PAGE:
Evening Echo q
  • Brexit represents 'special situation for Ireland', says Hollande

    French President Francois Hollande has bolstered Ireland's position to secure a “special situation” in discussions with European leaders during Brexit negotiations, writes Juno McEnroe, Political Correspondent. Mr Hollande said that he understood that the Good Friday Agreement needed to be “preserved” as he described how he was very aware of the potential impact of Brexit on Ireland. Taoiseach Enda Kenny and the French president discussed links between the two countries, security matters in the wake of the Nice massacre as well as Ireland's position following the decision by Britain to leave the European Union. Mr Hollande said negotiations for Britain's withdrawal should happen “sooner rather

    Irish Examiner q
  • Usain Bolt

    Usain Bolt has backed the decision to uphold the ban on Russia’s track and field athletes from the Olympics, admitting that the sport needed to “make a statement” because “doping violations are getting so bad”. Bolt, who will defend his 100m, 200m and 4x100m relay titles in Rio next month, also claimed that the revelations and exposure of widespread Russian cheating would act as a deterrent to stop athletes taking performance-enhancing drugs. “This will scare a lot of people and send a strong message that the sport is serious about cleaning up,” he said. “For me if you have the proof and you catch somebody I definitely feel you should take action. If they feel like banning the whole team is the

    The Irish Times q
  • PAC members do not accept responsibility for Angela Kerins' difficulties, court hears

    The members of the 2014 Public Accounts Committee are refusing to accept responsibility for the difficulties experienced by Angela Kerins. The former CEO of the Rehab Group claims the line of questioning adopted by the committee during a hearing she attended was beyond its remit. Last week, the court heard that Ms Kerins tried to take her own life because of the fallout from a seven-hour hearing she attended before PAC in Feb 2014. She accused the committee of entrapping her and asking her questions about her €240k salary and other matters she considered “wholly private”. Paul Gallagher, senior counsel for the PAC members, began his defence of the action this morning. He opened by saying his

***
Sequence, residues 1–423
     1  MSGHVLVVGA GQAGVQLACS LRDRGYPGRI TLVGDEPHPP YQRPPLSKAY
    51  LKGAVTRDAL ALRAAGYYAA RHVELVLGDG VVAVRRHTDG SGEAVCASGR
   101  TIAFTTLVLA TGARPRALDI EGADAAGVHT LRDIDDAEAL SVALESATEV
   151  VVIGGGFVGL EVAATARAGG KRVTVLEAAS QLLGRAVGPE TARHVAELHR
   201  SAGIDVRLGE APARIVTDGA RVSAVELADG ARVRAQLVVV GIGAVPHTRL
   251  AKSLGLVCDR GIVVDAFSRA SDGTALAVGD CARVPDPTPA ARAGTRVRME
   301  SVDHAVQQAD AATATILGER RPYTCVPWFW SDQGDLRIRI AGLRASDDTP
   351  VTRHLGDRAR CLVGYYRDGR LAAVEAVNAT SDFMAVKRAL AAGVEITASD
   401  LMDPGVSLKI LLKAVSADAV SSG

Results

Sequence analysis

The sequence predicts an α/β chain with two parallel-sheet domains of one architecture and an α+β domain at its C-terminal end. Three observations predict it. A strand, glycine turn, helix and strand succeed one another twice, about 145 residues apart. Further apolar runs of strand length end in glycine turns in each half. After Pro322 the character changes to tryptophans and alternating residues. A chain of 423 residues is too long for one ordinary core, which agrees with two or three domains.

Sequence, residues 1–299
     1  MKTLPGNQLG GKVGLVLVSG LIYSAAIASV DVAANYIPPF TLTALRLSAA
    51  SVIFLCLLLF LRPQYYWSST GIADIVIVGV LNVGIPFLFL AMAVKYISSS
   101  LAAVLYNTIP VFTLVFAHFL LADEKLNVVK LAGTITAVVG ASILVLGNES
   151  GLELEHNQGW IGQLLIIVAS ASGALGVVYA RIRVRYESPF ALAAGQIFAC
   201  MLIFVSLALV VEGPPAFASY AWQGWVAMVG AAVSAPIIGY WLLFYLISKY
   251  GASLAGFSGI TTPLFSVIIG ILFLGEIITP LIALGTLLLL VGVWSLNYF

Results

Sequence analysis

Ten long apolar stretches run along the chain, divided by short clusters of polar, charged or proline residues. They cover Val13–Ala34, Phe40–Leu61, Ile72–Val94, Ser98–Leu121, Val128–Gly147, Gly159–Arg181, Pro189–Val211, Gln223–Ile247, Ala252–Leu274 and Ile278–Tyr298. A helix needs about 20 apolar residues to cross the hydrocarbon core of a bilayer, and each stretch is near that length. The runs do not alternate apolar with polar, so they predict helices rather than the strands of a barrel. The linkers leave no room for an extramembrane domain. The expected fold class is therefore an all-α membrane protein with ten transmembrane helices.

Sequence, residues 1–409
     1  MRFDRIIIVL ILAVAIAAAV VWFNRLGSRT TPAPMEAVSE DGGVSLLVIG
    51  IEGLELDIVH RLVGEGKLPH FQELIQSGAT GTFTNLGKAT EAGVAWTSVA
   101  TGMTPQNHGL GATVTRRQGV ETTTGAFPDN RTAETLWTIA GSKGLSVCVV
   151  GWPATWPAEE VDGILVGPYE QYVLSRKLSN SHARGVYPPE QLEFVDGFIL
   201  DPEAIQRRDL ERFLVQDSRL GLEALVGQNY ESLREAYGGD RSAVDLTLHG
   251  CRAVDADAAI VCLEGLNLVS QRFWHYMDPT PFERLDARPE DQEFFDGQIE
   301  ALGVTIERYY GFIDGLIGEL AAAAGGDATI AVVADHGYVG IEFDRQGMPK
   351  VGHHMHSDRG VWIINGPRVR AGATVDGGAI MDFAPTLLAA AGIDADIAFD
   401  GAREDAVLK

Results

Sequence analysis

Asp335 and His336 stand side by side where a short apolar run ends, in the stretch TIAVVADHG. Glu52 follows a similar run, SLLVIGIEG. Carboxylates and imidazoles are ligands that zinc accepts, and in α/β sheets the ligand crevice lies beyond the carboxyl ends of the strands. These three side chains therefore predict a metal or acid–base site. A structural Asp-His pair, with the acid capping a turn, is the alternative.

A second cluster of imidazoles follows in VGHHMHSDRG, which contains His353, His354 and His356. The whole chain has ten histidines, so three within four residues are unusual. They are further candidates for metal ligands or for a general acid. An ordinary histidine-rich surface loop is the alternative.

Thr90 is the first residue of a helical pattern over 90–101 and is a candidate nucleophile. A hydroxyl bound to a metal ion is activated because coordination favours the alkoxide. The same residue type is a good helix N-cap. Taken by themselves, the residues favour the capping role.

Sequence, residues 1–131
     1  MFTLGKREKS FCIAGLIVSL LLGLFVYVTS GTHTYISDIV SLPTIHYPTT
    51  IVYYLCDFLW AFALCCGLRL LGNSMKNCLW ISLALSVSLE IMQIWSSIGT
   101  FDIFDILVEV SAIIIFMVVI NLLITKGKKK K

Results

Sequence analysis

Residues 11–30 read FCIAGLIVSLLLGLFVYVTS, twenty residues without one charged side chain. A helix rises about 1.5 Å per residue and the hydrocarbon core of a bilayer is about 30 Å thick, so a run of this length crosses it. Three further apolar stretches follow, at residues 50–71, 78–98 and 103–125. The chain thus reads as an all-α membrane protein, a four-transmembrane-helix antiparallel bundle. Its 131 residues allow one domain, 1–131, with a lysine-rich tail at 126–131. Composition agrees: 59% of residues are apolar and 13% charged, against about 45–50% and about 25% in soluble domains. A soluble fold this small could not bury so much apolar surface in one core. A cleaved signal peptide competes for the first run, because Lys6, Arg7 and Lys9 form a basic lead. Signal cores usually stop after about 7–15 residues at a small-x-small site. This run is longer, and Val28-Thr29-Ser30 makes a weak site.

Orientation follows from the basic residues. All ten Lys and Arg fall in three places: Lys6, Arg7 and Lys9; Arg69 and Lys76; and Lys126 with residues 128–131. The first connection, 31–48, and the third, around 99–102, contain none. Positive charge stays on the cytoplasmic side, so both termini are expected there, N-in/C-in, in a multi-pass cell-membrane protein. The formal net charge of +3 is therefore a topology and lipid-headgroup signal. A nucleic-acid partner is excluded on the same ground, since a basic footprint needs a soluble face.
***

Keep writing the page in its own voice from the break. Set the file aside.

Irish Examiner q
  • Lawyers seek harsher sentence for Oscar Pistorius following girlfriend's murder

    SOUTH African prosecutors have described the six-year prison term handed to Oscar Pistorius for the murder of girlfriend Reeva Steenkamp as “shockingly” lenient – and are committed to appealing against it. Prosecutors had sought 15 years in prison for the double-amputee Olympic athlete, which is the prescribed minimum sentence for murder in South Africa. But while the judge said there were compelling circumstances in Pistorius’s case to give him a lesser term, the prosecution said the six-year sentence was “shockingly too lenient” for the crime of murder and was an “injustice”. Pistorius was convicted of murder after an appeal by prosecutors, having initially been acquitted of the charge. The

    irishnews.com q
  • Film director Oliver Stone thinks Pokemon Go could lead to 'totalitarianism'

    Film director Oliver Stone has branded the popular gaming app Pokemon Go a “new level of invasion” of privacy that could lead to “totalitarianism”. The American reportedly voiced concerns over the game as he promoted his new movie about NSA whistleblower Edward Snowden at Comic Con International. Oliver, 69, said companies were carrying out “surveillance capitalism” by monitoring people’s behaviour, after he was asked about security concerns associated with Pokemon Go. According to Time magazine, he told the Comic Con audience in San Diego: “It’s not funny. What’s happening is a new level of invasion. “The profits are enormous here for places like Google. They’ve invested a huge amount of money

    Evening Echo q
  • It’s not Pogba or bust, says Mourinho